By Olivia Leveridge |
I am a recovering people-pleaser.
While praise and kind words can make anyone feel good, I often find myself depending on validation from others to function. I often suffer from not being able to say no, feeling responsible for other’s emotions, and going to unreasonable lengths to avoid conflict.
Balancing my education and social life by deciding how to best prioritize my schedule has always been a struggle for me. I know that I can’t go dancing on a Thursday night until 2 a.m. and wake up for my classes on Friday. But, because my friends love it and because my family is excited that I am having fun, I consistently choose to participate. The fear of letting down my friends or my family worrying about my social life drives me to say yes every time.
When thinking about it logically, my friends might be sad I cannot go, but they would still have fun. As a result, my parents would be happy with my choice to focus on school. In the moment, however, it is a completely different story. I put aside my own well being to ensure that those around me are happy.
In my experience, no one ever openly discusses the reality of a people pleaser’s lifestyle: in the end, it is a miserable way to live.
Since high school, I have taken other people’s expectations for me and labeled them as my own. The belief that I would be happy when someone was satisfied with my efforts was what I found identity in. I lost myself in my attempts to live for other people’s opinion. Until recently, I honestly did not know who I was. It wasn’t until I seemingly lost everything that I realized I had a problem. With no sport, club, person, or anything to find validation in, I had to rethink my identity.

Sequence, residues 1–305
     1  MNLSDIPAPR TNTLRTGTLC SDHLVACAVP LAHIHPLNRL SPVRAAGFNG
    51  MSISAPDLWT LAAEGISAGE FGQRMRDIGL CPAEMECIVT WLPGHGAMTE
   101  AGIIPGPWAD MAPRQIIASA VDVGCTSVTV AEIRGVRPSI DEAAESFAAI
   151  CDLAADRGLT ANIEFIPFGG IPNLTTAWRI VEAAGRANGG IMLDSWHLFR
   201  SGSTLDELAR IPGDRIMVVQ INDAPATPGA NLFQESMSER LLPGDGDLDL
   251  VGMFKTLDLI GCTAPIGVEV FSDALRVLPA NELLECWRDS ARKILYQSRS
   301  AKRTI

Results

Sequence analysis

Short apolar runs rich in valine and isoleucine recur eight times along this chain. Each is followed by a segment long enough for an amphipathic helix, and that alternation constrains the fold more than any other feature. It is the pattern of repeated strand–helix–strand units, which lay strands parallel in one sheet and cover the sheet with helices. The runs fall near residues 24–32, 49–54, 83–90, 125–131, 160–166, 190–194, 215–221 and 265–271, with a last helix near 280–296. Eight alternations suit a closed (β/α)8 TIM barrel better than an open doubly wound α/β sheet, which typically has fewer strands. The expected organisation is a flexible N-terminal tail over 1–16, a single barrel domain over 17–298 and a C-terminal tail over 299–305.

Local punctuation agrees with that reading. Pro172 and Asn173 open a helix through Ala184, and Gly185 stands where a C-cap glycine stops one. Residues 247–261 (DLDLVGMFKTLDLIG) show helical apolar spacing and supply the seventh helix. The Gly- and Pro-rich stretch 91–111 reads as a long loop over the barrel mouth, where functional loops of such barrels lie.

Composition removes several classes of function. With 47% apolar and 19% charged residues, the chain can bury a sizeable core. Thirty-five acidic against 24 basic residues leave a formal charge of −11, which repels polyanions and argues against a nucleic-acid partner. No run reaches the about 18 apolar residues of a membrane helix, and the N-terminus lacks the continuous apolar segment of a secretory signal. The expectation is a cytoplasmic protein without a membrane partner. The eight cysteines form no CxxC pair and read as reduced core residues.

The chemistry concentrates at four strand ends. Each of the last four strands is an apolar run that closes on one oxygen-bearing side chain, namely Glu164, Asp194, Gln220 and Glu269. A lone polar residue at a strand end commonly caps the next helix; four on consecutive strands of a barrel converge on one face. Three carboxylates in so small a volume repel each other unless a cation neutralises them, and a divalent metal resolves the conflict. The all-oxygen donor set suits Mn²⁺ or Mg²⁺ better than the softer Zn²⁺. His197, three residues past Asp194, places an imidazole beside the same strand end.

Identity is where the root of the people-pleaser dilemma rests. What people thought of me mattered more than what I thought of myself. Their impressions of me gave me my own identity. Being a people pleaser was a way to hide and ignore the fear that I was not good enough.
Questioning if I am enough is something I still struggle with today, and I am sure that I am not alone. I know that discovering identity is a shared college experience and that everyone is learning new things about themselves. It is important to recognize that learning can sometimes only happen through rejection or failure. As someone who greatly values what people think of me, this can be devastating. In moments like these, I want to stop trying to live with my raw self and flee back to the security of seeking affirmation from others.
We all have choices to make when it comes to defining who we are. I say I am a recovering people pleaser because I have chosen to make a conscious effort to put these thoughts to rest every day. For example, I changed my major and started thriving by working for what I wanted. I took a step away from trying to please those back home and chose to do something that made me happy. And now, here I am doing what I love, writing!
It is with steps like changing my major that I am learning how to exchange my stress for happiness. Recently, a friend told me that, instead of getting caught up in what people are asking of me, I should stop and consider what I want. It sounds simple, but I had never thought about it. Now, I have started doing things that make me happy. I even joined a club and a sorority purely because it’s what I wanted to do.
I am in no way encouraging people to not take on challenges or excusing defiance. There is a difference between not people-pleasing and defying authority or slacking. But if you are like me and struggle with always wanting to live up to multiple expectations, I encourage you to pause and consider what it is you want. From there, do the next right thing for yourself. What you want matters.